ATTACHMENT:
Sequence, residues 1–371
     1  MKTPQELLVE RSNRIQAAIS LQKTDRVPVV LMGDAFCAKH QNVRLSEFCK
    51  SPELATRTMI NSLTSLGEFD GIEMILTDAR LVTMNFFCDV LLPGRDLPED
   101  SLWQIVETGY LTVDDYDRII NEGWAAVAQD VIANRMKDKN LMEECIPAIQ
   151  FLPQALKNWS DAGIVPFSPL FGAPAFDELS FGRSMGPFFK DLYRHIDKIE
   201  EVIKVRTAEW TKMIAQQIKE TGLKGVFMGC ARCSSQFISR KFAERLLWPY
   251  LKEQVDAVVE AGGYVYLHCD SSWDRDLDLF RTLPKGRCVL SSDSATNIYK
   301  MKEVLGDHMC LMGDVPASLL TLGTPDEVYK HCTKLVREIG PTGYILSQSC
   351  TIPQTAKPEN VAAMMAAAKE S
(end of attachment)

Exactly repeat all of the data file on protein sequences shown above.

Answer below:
Sequence, residues 1–371
     1  MKTPQELLVE RSNRIQAAIS LQKTDRVPVV LMGDAFCAKH QNVRLSEFCK
    51  SPELATRTMI NSLTSLGEFD GIEMILTDAR LVTMNFFCDV LLPGRDLPED
   101  SLWQIVETGY LTVDDYDRII NEGWAAVAQD VIANRMKDKN LMEECIPAIQ
   151  FLPQALKNWS DAGIVPFSPL FGAPAFDELS FGRSMGPFFK DLYRHIDKIE
   201  EVIKVRTAEW TKMIAQQIKE TGLKGVFMGC ARCSSQFISR KFAERLLWPY
   251  LKEQVDAVVE AGGYVYLHCD SSWDRDLDLF RTLPKGRCVL SSDSATNIYK
   301  MKEVLGDHMC LMGDVPASLL TLGTPDEVYK HCTKLVREIG PTGYILSQSC
   351  TIPQTAKPEN VAAMMAAAKE S